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As Canada’s Global I.T. Ranking Falls, the I.T. Community Speaks Out

Mississauga, ON, November 28th, 2011-- The Economist Intelligence Unit’s International I.T. Competitiveness Index, recently released for 2011 by the Business Software Alliance, shows that Canada has fallen from fourth to seventh place in Information Technology. This is compared to growth in other countries, including the developing nation of India, as well as Mexico, Malaysia and Singapore.

During its annual “I.T. Professionalism Week” (Oct 31-Nov 4 2011), CIPS (Canada’s Association of I.T. Professionals) asked practitioners in the Canadian I.T. community over Facebook and LinkedIn what the country should do to stop its fall in Global I.T. Competitiveness.

Over the CIPS Facebook Page one commenter, Ruth Morton of Microsoft Canada, criticizes the current Education system, saying that “we need to be doing a better job at helping our children understand and get creative with technology in our schools” and that we “need to better equip our teachers and guidance counsellors with the use and understanding of technology in the classroom no matter the subject focus...”.

Len Inkster, I.S.P., ITCP of the Canadian I.T. community critiqued the industry on the CIPS LinkedIn Group as he noted that companies discriminate against older I.T. practitioners, forcing them out of I.T. and into other professions, instead of utilizing their experienced and productive minds, and ultimately hurting Canada’s I.T. sector.

Finally, a recurring observation from industry leaders is that Canada will not regain its lost competitiveness if the I.T. sector fails to advance in the “Professionalism” of the field.  Respondent Scott Ambler defines “Professionalism” as the need “to treat the I.T. Profession like a profession”--instead of like an ordinary job. Practitioners “need to have a life long learning attitude,” he writes. “Organizations need to provide environments which promote” it. “These orgs include your workplace, education institutes, industry groups such as CIPS, and even vendors.”

CIPS has provided Professionalism in the I.T. industry for over 20 years, by certifying and annually re-certifying I.T. practitioners as “Information System Professionals” (I.S.P.), and since 2008, as Information Technology Certified Professionals” (ITCP). Yet Professionalism in the I.T. industry presents its difficulties: unlike in Medicine, Accounting or Engineering, the field of I.T. is populated by practitioners with varied and undefined training, which can be attributed to its extremely fast growth.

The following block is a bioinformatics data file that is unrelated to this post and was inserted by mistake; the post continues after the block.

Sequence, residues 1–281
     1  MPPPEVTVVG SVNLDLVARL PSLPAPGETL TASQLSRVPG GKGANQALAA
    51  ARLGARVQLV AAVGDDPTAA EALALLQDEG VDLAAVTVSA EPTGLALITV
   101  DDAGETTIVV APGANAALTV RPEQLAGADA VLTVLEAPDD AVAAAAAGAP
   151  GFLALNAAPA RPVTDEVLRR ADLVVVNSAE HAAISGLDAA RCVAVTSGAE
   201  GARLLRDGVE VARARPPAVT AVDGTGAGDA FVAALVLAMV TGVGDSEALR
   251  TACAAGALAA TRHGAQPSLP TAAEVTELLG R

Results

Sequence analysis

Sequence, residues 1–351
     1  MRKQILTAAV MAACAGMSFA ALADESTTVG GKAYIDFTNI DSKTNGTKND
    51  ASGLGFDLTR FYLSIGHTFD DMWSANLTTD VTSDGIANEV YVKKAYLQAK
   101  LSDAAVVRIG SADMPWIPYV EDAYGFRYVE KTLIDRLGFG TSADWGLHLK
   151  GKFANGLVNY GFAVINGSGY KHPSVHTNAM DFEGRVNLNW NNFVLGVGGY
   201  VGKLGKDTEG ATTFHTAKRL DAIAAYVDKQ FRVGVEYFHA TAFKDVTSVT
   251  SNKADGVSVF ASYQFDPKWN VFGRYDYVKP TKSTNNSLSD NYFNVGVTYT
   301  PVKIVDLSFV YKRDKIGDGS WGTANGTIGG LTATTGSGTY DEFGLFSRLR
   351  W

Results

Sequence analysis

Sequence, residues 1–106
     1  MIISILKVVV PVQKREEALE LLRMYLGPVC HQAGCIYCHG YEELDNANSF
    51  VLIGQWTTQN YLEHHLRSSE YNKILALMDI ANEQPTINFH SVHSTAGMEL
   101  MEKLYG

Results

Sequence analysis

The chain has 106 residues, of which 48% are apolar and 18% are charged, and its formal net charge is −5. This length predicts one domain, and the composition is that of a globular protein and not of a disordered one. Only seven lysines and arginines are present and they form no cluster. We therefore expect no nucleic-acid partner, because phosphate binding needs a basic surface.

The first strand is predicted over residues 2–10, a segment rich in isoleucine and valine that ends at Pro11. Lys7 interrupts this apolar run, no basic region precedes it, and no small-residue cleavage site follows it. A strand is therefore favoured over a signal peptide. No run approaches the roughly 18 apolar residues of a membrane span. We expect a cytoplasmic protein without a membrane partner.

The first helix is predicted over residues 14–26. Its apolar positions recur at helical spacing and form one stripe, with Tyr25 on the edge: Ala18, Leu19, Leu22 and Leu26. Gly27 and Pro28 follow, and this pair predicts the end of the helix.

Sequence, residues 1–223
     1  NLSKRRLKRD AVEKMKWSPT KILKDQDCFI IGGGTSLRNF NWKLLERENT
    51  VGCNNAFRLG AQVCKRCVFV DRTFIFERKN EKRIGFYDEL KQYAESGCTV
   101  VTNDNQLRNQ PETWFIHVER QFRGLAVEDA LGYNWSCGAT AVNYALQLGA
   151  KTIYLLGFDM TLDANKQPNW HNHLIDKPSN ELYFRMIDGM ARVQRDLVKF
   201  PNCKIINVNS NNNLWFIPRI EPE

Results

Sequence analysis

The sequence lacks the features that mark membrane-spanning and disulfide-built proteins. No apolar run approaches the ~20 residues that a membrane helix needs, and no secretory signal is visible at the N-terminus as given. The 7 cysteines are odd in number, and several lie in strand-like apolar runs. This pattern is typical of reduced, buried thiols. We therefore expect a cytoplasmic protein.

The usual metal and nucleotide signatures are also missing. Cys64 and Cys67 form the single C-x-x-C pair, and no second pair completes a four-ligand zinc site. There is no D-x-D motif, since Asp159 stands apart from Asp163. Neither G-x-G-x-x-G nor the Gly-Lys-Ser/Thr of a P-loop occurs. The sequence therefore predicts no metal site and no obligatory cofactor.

Furthermore, the industry’s apathy over Professionalism has been seen by IT World Canada Editor Shane Schick, as “dangerous, as our dependency on technology grows.” CIPS Chair Trekker Armstrong, I.S.P., ITCP argues that Canada’s I.T. industry urgently needs to make significant strides to self-regulate and to maintain itself, to avoid unethical and unprofessional practices, that can lead to dire consequences, such as the unwanted exposure of our confidential information.

I.T. practitioners, then, have argued that Education, innovative administration of Research and Development, and Professionalism are central to Canada’s recovery as an I.T. leader. Through community engagement, involvement, and taking the steps to evolve Information Technology, CIPS sees itself as the voice of Canada’s I.T. industry--bringing together I.T. professionals with a shared vision. It is also a crucial platform needed, if the I.T. profession is to evolve soundly and keep pace with the growth of the industry.




About CIPS:

CIPS is a professional association representing individual I.T. professionals.  CIPS provides leadership in information systems and technologies by developing and promoting quality standards and practices, advocating on issues related to the I.T. profession in Canada, certifying I.T. professionals, accrediting Post-Secondary programs, representing Canadian I.T. professionals in international forums, encouraging and facilitating on-going professional development and safeguarding the public interest.

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